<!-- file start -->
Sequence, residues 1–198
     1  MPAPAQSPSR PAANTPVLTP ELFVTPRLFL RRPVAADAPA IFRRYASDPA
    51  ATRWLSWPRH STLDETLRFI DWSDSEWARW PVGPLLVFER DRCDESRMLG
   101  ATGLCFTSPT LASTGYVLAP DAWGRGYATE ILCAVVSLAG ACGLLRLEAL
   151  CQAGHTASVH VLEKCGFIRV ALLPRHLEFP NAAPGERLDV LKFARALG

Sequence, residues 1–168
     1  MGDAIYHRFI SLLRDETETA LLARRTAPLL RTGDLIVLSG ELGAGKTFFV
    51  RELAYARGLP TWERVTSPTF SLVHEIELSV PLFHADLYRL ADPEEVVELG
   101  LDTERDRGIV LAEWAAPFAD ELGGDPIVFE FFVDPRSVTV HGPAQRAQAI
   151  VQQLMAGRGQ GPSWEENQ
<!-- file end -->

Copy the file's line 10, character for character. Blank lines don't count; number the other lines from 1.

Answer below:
   151  VQQLMAGRGQ GPSWEENQ